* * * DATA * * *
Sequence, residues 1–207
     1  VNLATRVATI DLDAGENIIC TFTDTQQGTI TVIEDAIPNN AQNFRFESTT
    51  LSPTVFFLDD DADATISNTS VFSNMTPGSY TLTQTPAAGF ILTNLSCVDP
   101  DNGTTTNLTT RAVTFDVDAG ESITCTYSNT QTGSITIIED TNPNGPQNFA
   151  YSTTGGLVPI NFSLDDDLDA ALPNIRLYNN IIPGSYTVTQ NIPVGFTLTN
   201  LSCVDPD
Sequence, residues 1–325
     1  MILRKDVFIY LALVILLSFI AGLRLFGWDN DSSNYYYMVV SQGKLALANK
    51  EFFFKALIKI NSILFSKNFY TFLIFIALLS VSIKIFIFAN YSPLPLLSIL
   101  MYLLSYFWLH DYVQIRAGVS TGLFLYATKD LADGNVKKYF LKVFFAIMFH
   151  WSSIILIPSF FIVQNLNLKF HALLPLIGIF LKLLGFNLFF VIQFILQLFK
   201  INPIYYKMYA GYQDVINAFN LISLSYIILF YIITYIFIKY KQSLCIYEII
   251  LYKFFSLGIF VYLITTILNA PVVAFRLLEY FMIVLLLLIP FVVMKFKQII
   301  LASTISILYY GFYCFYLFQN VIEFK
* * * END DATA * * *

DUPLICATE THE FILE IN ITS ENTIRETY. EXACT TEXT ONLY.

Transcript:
Sequence, residues 1–207
     1  VNLATRVATI DLDAGENIIC TFTDTQQGTI TVIEDAIPNN AQNFRFESTT
    51  LSPTVFFLDD DADATISNTS VFSNMTPGSY TLTQTPAAGF ILTNLSCVDP
   101  DNGTTTNLTT RAVTFDVDAG ESITCTYSNT QTGSITIIED TNPNGPQNFA
   151  YSTTGGLVPI NFSLDDDLDA ALPNIRLYNN IIPGSYTVTQ NIPVGFTLTN
   201  LSCVDPD
Sequence, residues 1–325
     1  MILRKDVFIY LALVILLSFI AGLRLFGWDN DSSNYYYMVV SQGKLALANK
    51  EFFFKALIKI NSILFSKNFY TFLIFIALLS VSIKIFIFAN YSPLPLLSIL
   101  MYLLSYFWLH DYVQIRAGVS TGLFLYATKD LADGNVKKYF LKVFFAIMFH
   151  WSSIILIPSF FIVQNLNLKF HALLPLIGIF LKLLGFNLFF VIQFILQLFK
   201  INPIYYKMYA GYQDVINAFN LISLSYIILF YIITYIFIKY KQSLCIYEII
   251  LYKFFSLGIF VYLITTILNA PVVAFRLLEY FMIVLLLLIP FVVMKFKQII
   301  LASTISILYY GFYCFYLFQN VIEFK